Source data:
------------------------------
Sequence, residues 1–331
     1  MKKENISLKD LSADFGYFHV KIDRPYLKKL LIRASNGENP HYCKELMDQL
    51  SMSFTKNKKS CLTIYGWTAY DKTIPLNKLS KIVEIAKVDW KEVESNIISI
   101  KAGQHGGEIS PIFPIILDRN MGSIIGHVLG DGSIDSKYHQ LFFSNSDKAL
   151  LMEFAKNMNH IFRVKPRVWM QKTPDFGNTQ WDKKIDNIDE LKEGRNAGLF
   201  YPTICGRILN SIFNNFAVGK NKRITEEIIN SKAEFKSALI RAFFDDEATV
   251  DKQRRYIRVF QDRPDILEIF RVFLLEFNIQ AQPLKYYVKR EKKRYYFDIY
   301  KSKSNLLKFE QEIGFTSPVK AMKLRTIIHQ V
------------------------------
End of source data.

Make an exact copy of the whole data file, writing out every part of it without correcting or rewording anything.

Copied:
Sequence, residues 1–331
     1  MKKENISLKD LSADFGYFHV KIDRPYLKKL LIRASNGENP HYCKELMDQL
    51  SMSFTKNKKS CLTIYGWTAY DKTIPLNKLS KIVEIAKVDW KEVESNIISI
   101  KAGQHGGEIS PIFPIILDRN MGSIIGHVLG DGSIDSKYHQ LFFSNSDKAL
   151  LMEFAKNMNH IFRVKPRVWM QKTPDFGNTQ WDKKIDNIDE LKEGRNAGLF
   201  YPTICGRILN SIFNNFAVGK NKRITEEIIN SKAEFKSALI RAFFDDEATV
   251  DKQRRYIRVF QDRPDILEIF RVFLLEFNIQ AQPLKYYVKR EKKRYYFDIY
   301  KSKSNLLKFE QEIGFTSPVK AMKLRTIIHQ V